I have been part of various online forums that have been discussing the “Green New Deal” being championed by some in the US Democratic Party. These forums are made up mainly of academics who have an interest in climate and environmental policy.
What was striking about the various discussions is that they were all technical/ideological. The need to do something about climate policy leads many of them to welcome the policy, while others had various objections to the workability of the details.
What was lacking was any kind of political discussion. Is a presidential candidate running in 2020 likely to be elected if he or she embraces the Green New Deal as part of the policy platform?
In the ideological and technical discussions that I was part of, it didn’t seem to occur to anyone that the first hurdle to any policy idea is that whoever is pushing it has to get elected if there is to be any chance of getting it through.
I write this while on a trip to the US. Speaking to various people, the question on everyone’s mind is whether President Trump will win a second term in office. The 2020 Presidential campaign has started.
Those who dislike the President split into two camps.
In the first camp is what I will call ‘the incredulous’. Those who still cannot believe that Trump actually got elected and who believe that, having seen him in action, the electorate will obviously see the error of its ways and vote him out next time. These are the same type of people who seem to take for granted that a second Brexit referendum will inevitably lead to a reversal of the original decision.
The other group are ‘the despairing’. They fear that the visceral dislike of President Trump combined with Bernie Sanders’ good performance (among the Democrat base) in the primaries last time around are leading the Democrats to lurch to the left – with the Green New Deal as part of that lurch.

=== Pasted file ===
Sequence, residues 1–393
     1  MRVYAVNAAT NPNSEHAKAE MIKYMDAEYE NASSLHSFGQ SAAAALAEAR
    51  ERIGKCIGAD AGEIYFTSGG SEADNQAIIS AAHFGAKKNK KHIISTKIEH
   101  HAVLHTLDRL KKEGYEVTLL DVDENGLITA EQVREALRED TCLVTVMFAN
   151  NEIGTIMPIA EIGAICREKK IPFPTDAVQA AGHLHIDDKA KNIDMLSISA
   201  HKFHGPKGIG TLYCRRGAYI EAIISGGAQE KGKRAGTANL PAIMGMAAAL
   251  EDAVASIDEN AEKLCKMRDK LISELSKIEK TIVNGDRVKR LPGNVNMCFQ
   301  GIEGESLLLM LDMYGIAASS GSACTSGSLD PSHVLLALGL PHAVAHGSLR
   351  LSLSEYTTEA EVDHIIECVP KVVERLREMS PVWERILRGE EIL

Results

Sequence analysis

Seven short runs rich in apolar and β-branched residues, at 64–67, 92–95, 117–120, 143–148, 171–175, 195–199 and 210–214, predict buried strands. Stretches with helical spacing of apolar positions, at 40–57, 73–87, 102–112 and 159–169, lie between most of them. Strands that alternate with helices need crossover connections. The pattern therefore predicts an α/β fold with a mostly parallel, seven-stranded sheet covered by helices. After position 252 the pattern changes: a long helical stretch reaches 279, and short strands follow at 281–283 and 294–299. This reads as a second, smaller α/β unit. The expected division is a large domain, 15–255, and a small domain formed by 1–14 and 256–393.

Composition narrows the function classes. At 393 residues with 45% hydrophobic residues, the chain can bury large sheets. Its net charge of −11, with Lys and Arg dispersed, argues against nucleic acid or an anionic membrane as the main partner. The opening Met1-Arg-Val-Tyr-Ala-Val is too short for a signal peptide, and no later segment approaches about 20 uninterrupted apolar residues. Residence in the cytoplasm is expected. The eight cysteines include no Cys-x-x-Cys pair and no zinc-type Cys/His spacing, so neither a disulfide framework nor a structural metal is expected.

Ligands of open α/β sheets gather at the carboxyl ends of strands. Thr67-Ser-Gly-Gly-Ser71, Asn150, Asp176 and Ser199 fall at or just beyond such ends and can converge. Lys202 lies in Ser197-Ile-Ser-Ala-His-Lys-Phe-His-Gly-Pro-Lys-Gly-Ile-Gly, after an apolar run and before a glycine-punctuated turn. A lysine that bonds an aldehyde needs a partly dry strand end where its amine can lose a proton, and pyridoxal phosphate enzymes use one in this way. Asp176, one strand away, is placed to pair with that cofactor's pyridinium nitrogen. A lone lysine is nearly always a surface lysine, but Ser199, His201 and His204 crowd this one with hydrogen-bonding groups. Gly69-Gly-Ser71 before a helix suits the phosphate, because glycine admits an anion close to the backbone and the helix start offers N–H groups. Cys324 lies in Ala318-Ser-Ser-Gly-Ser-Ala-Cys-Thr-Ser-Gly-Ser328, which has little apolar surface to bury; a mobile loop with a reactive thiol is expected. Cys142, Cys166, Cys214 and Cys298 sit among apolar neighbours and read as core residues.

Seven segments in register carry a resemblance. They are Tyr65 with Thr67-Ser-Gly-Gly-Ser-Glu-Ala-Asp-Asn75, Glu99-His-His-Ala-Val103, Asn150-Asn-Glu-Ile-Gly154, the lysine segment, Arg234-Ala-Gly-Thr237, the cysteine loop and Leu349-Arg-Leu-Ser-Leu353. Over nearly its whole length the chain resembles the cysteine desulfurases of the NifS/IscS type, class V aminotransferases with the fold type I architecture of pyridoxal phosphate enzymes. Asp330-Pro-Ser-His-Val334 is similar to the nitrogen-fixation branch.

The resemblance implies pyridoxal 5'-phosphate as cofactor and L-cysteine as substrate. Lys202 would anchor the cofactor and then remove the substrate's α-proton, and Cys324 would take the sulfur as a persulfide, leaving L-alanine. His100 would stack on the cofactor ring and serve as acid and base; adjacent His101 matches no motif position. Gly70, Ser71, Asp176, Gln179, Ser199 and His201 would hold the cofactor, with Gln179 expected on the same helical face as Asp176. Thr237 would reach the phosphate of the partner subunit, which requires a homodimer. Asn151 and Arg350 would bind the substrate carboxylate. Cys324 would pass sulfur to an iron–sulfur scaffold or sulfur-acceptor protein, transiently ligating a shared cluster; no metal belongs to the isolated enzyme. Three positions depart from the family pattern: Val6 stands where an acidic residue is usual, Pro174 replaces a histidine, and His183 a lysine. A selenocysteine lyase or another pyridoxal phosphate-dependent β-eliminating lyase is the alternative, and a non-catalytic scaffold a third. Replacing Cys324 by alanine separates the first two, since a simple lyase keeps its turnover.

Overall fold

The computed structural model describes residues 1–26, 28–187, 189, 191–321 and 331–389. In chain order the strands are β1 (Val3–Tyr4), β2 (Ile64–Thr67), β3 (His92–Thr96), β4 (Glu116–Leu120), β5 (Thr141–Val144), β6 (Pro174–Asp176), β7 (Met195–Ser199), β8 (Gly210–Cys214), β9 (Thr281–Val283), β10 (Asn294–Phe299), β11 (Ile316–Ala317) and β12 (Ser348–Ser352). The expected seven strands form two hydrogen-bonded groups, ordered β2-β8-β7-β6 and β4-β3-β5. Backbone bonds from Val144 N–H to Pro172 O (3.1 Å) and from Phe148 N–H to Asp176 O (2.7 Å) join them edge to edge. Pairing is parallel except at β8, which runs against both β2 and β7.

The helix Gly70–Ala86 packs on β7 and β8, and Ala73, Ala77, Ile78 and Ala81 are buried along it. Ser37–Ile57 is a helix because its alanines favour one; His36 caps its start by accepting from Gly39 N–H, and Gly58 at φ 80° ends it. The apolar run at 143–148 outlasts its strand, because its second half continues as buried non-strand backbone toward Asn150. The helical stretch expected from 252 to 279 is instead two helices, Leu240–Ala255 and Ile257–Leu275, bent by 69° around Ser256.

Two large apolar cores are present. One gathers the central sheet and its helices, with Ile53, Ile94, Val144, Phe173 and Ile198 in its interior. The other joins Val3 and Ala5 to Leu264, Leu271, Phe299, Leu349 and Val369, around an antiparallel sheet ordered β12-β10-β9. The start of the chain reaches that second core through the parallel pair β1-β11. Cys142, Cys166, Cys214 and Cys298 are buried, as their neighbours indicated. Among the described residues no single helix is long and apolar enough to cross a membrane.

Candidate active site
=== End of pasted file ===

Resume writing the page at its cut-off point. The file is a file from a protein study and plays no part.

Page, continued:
They fear that such a move will almost guarantee Trump a second term, since many in the American heartland will not countenance supporting a candidate proposing a massive increase in government-run programmes.
If President Obama had such trouble getting support for a universal health care programme where individual voters stood to gain directly, what are the chances that a mass of American voters will support a ‘Big Government’ environmental programme where the direct benefits to them may be seen to be more amorphous?
They keep hoping that a moderate Democratic candidate will emerge and can win the nomination. It’s going to be one heck of a bun fight. Around 20 candidates have already declared.
As for those of a Republican bent, they seem more relaxed. Even those who initially disliked the President now seem to have made their peace with him – or at least have stopped worrying too much about him. And they believe that the Democrats are embarked on a path to self-destruction – proposing big, tax-funded programmes for almost everything except that which voters really care about – such as immigration.
We shall see how all this evolves. There is still time. Maybe someone will even mount a successful primary challenge to President Trump for the Republican nomination.
It’s going to be an interesting couple of years in American politics.
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Laurence C says
I suspect that abortion (Republicans seeking to overturn Roe v Wade) and socialism (Republicans against any increase in taxes on the rich) will be far more important Republican issues for the 2020 Presidential election. The Green New Deal will be very much a second-order effect.
As Bill Clinton knew “It’s the economy, stupid” and economics will decide the election. If the US economy is in recession in 2020, then Trump is toast. If it is still going gangbusters, whatever the outlook, he will be re-elected.
Joe Zammit-Lucia says
You’re probably right. It’s different when the question is whether to re-elect an incumbent vs a fight between two new candidates.